After the identity of two bodies found at the site of Algeria gas plant attack in January were confirmed as Canadians last week, Canadian Public Safety Minister Vic Toews Wednesday said the federal government must prevent its citizens from travelling overseas to commit terrorism.
More than 80 people lost lives including at least 48 hostages when the Algerian government raided the gas plant seized by the Islamic rebels in the country January 16.
Following the raid, the Algerian Prime Minister Abdelmalek Sellal said that kidnappers were from countries like Egypt, Mali, Niger, Mauritania, Tunisia and two nationalities from Canada.
Canada immediately sent a team of investigation to the site to confirm if its citizens were involved in the deadly attack.
Recently, the investigation team confirmed that two Canadians were found dead at the site but added it was unfair to decide whether the two were victims or culprits.
However, a section of media reported that the two were on the rebel's side and trained on Canadian soil.
According to the National Post, the Canadian Public Safety Minister Vic Toews labelled home grown violent extremism as "one of the greatest threats" to the principles of democracy.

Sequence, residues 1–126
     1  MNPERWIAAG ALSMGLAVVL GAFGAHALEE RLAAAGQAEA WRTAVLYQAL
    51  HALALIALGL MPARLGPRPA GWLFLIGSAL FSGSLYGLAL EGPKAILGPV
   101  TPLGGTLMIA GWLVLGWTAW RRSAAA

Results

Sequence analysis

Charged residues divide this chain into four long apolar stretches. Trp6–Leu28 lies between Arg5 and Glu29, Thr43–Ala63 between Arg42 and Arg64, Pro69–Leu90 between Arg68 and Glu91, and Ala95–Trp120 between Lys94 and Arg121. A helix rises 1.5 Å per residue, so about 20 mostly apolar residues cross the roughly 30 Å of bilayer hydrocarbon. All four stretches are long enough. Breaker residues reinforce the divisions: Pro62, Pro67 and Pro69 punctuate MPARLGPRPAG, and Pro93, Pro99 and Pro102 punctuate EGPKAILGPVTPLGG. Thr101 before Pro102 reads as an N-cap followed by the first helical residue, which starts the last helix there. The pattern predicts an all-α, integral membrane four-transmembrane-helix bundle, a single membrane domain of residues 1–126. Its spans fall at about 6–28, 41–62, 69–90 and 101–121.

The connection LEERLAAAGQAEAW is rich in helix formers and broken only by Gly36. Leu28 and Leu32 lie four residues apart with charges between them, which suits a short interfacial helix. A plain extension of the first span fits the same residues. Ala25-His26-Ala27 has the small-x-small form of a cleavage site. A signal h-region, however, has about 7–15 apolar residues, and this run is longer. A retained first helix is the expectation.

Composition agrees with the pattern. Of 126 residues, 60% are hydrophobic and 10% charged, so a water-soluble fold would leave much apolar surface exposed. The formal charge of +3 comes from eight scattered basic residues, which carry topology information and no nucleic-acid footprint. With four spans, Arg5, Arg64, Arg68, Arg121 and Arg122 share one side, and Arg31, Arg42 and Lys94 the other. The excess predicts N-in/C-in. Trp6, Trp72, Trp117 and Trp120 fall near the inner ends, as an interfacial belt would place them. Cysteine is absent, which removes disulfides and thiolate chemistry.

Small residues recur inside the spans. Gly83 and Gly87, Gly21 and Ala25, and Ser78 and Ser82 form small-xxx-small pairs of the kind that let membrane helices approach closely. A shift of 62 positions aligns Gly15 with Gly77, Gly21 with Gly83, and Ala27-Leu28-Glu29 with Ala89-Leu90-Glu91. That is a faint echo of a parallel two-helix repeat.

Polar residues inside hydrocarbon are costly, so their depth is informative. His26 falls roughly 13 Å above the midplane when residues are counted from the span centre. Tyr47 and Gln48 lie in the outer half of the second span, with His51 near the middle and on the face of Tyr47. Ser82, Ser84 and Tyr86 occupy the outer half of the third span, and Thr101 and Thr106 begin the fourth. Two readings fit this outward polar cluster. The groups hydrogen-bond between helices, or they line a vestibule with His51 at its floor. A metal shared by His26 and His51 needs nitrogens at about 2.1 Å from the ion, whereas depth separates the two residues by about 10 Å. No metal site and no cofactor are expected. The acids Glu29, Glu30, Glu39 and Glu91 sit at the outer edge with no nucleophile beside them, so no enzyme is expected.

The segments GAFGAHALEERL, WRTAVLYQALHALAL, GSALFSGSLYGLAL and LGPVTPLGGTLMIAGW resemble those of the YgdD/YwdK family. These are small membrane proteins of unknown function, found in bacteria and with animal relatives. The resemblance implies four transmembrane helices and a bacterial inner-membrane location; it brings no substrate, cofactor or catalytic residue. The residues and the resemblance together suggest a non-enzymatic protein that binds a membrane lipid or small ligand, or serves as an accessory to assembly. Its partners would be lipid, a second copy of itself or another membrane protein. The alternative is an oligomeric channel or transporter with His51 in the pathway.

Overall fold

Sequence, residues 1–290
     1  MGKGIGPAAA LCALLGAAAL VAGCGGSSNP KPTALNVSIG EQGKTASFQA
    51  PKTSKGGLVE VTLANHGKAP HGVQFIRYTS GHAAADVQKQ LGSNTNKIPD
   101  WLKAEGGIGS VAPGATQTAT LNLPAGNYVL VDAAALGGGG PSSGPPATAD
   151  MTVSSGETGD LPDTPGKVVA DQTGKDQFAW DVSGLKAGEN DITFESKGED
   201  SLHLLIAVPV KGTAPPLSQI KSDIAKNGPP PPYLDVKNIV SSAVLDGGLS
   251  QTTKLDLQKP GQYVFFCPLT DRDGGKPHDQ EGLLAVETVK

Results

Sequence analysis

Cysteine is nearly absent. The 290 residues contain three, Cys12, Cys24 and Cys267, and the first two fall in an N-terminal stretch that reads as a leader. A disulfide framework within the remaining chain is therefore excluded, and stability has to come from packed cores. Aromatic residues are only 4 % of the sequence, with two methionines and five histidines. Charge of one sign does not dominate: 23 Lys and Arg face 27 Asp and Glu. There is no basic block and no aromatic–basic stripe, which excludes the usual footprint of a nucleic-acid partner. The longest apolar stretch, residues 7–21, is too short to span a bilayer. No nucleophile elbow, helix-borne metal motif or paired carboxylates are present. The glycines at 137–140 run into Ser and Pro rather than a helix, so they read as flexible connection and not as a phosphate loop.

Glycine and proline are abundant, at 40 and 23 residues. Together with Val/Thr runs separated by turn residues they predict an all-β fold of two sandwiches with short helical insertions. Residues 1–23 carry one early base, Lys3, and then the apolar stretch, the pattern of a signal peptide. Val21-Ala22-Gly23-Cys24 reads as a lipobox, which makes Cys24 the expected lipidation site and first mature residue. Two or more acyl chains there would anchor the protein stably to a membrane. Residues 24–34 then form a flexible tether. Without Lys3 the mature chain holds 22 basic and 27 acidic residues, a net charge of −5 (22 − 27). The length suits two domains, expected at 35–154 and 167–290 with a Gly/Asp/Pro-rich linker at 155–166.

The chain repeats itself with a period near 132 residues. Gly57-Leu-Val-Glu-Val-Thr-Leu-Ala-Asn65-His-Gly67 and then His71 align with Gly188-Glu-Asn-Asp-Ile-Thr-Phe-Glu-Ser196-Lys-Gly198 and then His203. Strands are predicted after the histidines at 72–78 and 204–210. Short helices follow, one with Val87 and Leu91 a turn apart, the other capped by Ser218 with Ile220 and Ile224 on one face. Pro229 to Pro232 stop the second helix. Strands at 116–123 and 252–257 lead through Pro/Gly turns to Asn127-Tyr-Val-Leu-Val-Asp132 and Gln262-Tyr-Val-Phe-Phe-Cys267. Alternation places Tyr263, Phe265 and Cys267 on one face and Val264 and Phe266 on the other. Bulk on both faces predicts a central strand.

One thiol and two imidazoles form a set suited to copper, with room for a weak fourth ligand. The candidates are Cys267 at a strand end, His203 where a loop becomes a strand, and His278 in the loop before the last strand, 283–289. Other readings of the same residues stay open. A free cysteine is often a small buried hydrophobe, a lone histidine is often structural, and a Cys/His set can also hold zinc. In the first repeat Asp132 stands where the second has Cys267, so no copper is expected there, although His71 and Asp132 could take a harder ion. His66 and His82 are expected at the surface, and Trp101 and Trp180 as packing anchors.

"There is a real concern that new and evolving conflicts in the world may lure youth to engage in violent extremist activities at home and abroad," the news paper quoted the minister as saying.
"Canada, like all nations, has a responsibility to guard against its citizens travelling to areas of turmoil and participating in terrorist acts. ... We must actively work to prevent individuals from being recruited overseas to learn a terrorist trade."
Canada is discussing to pass a controversial bill S-7 that would authorize its police to stop and arrest any odd behaving-suspects or potential terrorists from travelling to other countries.
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